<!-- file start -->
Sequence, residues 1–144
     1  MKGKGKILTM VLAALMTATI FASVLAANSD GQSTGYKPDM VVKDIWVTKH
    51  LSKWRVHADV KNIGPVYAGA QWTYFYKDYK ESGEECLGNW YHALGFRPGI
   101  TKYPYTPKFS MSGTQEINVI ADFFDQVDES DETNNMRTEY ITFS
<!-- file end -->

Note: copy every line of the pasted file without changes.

Sequence, residues 1–144
     1  MKGKGKILTM VLAALMTATI FASVLAANSD GQSTGYKPDM VVKDIWVTKH
    51  LSKWRVHADV KNIGPVYAGA QWTYFYKDYK ESGEECLGNW YHALGFRPGI
   101  TKYPYTPKFS MSGTQEINVI ADFFDQVDES DETNNMRTEY ITFS